A buffer overflow is a complex issue that is easily and accidentally created by a programmer. The basic concept is that a program must interact with other programs. But, the problem is that each program handles data at different rates. This creates the need for what is called a buffer, which is a technique used to regulate the data rate from one device to another device. So the program receiving the data can tell the program sending the data either to speed up or slow down depending on how full the buffer is. The buffer itself is a queue. In computer terms a buffer is a contiguous block of memory that holds the same type of data (the same type; int, float, etc.) that is divided into three segments (text, data and stack). What a buffer overflow does is feed data to a buffer passed its boundaries. Since memory is contiguous, this basically means that after a buffer has overflowed it is overwriting data of another segment of memory that is assigned to another function, or perhaps to another program altogether. The fix for this is simple, the programmer only need to make sure that the data being fed in does not go passed the bounds of the buffer, but this is often missed due to human error (if you saw the code you'd understand why). Due to the design of memory this creates a huge security risk. Contained within that memory region is also the memory address to return to when completed (computers are instructional and jump from memory region to memory region), and this area of memory follows the data of the buffer.
If a person wrote a program that fed a buffer a piece of code that overflowed the buffer, and then ended the data with a return call to the buffer, the computer would then execute the memory in the buffer space as an application and that would give the code execution the privileges of the program executing that code. And this problem is only increased when you realize software to software communication can occur over a network, just as much as on a local machine. So, not only could malware elevate its privileges if you ran it under a user account, but it could also install itself on your computer over a network if something like your network software were vulnerable. This is exactly what happened with the MSBlast worm. It affected the network abilities of Windows over a network through something called an RPC flaw. RPC stands for remote procedure call and allows your user account to interact with the Windows subsystems, and also allows remote computers to interact with Windows subsystems. Only Windows NT (NT4, 2000 and XP) operating systems were affected because Windows 9x (95, 98, Me) didn't have any RPC mechanisms, because they were designed for corporate uses. This problem can exist in any application, and even software firewalls that should protect you from this sort of thing can and do have these problems. A malware application that takes advantage of these types of flaws can spread very quickly.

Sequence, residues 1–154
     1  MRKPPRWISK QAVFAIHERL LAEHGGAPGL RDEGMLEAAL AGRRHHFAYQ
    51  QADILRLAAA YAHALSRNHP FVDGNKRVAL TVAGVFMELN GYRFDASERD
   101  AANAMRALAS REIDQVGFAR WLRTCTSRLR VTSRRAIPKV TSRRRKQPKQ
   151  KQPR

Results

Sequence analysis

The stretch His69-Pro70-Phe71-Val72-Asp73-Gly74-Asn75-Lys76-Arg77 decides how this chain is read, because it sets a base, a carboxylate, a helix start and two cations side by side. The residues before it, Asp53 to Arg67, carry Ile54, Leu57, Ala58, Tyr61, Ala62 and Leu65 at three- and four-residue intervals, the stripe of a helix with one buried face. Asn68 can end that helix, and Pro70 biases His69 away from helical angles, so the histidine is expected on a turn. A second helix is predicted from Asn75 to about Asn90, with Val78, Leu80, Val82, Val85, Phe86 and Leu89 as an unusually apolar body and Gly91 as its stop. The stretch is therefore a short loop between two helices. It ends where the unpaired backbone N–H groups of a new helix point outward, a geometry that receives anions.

For a very technical explanation of buffer overflows read, "Smashing the Stack For Fun and Profit" by BugTraq, r00t, and Underground.Org. It explains the process of buffer overflowing from a C programming perspective. I provide this as an educational document though, so don't use it for the dark side.